2015 Hyundai Genesis Review: A Much-Needed Redesign
Eight-inch screen with navigation, leather seats and proximity keyless entry sets the performance sedan apart
Hyundai’s redesigned luxury sedan is a legitimate competitor to pricey European brands like BMW.
Four-door sedan (base model)
- BMW 5 Series
- Audi A6
- Infiniti Q70
Smooth highway cruising in a stylish package
When Hyundai introduced the Genesis in 2008, the sedan was the South Korean automaker’s first premium offering, citing such hallowed nameplates as the BMW 5-Series as its competition. The main hook was a price point that was tens of thousands of dollars cheaper than BMW, but with all of the features and performance of a German creation. It delivered on the former and did enough to get by on the latter.
Today, however, it looks dated. While the first generation introduced Hyundai to performance buyers, the design didn’t hold up.
Enter the 2015 Hyundai Genesis.
This sedan looks like it belongs. A chic chrome grille and sleek HID Bi-Xenon headlights highlight its face. The long sculpted front-end is classy and muscular; a look that bodes well in this class. Sharp lines highlight the side panels, while the backend comes to an exacting stop, contrasting the front. They’ve nailed the design and it feels as if it will last beyond its generation’s lifespan.
What hasn’t changed is its pricing story. The all-new Genesis starts at $43,000, maintaining a double-digit deficit compared to its BMW nemesis. Step up to the Luxury ($48,000) and Technology ($53,000) trims for more features; both keep the standard 3.8-litre V6 engine, which is mated to an eight-speed automatic transmission, capable of 311 hp. Jump to the top-end Ultimate model ($62,000) to experience heightened performance: it features a 5.0-litre V8 engine that pushes 420 hp.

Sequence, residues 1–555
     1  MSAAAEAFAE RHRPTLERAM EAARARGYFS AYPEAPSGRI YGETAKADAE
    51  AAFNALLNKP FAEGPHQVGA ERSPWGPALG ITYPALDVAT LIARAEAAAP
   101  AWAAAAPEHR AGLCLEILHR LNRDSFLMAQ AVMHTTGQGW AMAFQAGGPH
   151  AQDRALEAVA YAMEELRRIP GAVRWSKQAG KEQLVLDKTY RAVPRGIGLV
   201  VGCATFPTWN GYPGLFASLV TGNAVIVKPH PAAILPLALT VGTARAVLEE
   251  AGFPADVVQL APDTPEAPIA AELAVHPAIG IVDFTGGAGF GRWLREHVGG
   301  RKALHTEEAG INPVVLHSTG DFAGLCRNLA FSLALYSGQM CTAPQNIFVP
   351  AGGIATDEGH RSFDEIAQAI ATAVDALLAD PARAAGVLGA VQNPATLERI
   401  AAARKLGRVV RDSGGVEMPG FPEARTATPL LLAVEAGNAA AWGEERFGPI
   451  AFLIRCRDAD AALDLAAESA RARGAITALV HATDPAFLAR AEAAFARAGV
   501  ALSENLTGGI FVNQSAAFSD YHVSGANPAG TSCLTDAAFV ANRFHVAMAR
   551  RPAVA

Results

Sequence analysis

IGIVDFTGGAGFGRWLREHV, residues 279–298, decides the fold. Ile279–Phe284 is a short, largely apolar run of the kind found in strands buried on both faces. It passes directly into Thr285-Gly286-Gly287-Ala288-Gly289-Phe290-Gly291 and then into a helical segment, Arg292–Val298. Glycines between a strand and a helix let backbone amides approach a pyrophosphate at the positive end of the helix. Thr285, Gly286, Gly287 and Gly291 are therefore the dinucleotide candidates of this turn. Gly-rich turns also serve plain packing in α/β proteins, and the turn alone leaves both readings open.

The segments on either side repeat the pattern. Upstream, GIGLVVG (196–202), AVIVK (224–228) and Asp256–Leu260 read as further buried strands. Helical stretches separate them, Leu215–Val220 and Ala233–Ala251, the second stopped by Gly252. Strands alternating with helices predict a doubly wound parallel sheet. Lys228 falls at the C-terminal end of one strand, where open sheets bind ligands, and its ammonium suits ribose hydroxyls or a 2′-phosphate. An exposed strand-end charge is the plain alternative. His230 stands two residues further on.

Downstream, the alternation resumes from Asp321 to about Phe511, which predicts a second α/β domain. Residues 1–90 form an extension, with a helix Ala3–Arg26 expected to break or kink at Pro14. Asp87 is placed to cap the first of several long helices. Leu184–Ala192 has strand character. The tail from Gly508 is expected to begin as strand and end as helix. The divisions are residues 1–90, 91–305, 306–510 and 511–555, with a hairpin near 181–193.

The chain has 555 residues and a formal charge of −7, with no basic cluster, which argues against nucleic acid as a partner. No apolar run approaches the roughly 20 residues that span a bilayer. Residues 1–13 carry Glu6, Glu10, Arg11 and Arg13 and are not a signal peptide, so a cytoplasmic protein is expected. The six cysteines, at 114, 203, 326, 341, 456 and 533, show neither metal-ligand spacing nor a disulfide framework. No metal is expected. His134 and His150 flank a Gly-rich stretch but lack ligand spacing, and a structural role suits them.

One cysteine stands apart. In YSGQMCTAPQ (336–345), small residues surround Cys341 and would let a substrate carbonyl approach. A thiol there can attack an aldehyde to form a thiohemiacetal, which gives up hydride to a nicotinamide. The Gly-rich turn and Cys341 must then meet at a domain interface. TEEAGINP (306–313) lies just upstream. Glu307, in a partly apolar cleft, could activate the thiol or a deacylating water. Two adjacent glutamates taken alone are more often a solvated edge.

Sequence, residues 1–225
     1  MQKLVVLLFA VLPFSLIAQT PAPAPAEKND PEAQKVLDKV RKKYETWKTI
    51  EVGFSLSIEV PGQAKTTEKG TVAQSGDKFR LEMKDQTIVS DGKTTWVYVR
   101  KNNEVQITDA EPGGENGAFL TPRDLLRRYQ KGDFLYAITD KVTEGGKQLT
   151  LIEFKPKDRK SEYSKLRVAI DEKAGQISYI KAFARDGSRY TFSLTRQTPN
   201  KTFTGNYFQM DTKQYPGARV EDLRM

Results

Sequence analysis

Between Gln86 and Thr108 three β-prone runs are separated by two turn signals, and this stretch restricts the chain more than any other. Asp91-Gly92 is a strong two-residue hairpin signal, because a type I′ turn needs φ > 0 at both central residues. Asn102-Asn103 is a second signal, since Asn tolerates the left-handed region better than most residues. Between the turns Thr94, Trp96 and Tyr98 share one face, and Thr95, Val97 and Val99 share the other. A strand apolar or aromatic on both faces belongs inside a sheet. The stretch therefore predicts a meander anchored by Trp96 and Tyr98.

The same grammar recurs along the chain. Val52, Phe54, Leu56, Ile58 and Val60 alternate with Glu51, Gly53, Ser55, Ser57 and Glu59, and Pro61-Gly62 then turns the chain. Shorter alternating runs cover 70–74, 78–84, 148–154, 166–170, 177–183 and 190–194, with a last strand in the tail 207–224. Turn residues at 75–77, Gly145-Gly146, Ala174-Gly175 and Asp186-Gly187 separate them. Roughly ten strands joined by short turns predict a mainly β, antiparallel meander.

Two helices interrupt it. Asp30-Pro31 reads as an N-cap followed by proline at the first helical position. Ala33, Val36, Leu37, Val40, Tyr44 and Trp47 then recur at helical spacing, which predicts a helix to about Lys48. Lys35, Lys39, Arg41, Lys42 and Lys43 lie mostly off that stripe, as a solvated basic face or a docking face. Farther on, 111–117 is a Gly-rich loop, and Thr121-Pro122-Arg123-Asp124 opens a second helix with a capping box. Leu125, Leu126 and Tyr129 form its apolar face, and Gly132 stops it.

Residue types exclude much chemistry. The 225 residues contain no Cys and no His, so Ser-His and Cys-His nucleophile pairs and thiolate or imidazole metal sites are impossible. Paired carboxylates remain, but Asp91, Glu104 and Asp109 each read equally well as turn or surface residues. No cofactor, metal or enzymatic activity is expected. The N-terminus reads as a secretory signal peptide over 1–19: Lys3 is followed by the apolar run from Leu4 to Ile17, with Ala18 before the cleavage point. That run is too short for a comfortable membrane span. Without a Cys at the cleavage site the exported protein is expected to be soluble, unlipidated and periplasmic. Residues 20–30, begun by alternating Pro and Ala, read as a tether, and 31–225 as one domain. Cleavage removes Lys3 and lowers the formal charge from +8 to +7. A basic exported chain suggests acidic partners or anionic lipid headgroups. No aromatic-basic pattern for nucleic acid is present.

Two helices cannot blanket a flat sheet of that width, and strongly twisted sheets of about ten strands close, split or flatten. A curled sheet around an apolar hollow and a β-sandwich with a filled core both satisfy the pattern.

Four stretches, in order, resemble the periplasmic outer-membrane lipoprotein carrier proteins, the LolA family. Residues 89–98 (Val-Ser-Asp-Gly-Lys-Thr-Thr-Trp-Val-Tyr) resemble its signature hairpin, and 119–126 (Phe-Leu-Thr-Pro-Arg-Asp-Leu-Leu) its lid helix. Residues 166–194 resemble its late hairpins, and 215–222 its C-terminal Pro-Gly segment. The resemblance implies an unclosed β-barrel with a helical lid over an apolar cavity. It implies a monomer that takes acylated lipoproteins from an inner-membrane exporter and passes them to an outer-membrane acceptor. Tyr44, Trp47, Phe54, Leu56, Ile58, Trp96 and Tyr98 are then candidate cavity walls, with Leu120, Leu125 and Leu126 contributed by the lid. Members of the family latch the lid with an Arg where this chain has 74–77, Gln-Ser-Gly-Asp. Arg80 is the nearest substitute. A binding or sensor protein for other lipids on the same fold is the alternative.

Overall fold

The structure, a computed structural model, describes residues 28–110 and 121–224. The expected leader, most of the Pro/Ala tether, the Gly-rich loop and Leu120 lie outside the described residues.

Hyundai ensures there are features aplenty, no matter which model you choose. An eight-inch screen with navigation, leather seats and proximity keyless entry are just a few of the perks that come standard. Begin to move up and you’ll be greeted with a host of additions that include heated seats, safety features such as rear cross traffic alert and lane change assist, and a head up display, which projects data in the bottom corner of the windshield.
On the road the V8 is composed and powerful. When you don’t need to hear it roar to life, it’s one of the smoothest highway cruisers. Apply a little extra force on the gas pedal, though, and the Genesis moves with aplomb. It accelerates quickly and silently. And all models feature Hyundai’s HTRAC All-Wheel Drive System. Tested on Nürburgring, the famed German test track, HTRAC uses four modes—Normal, Sport, Eco and Snow—to control braking power on the left and right wheels and alter power output based on road conditions. This helps keep the Genesis stable around tight corners during inclement weather, and provides up to 90 per cent of torque to the rear wheels when you really want to feel its power.
From design to features to performance, the Hyundai Genesis checks off every box and legitimately places it in a conversation with the European nameplates that have owned the premium sedan segment for decades.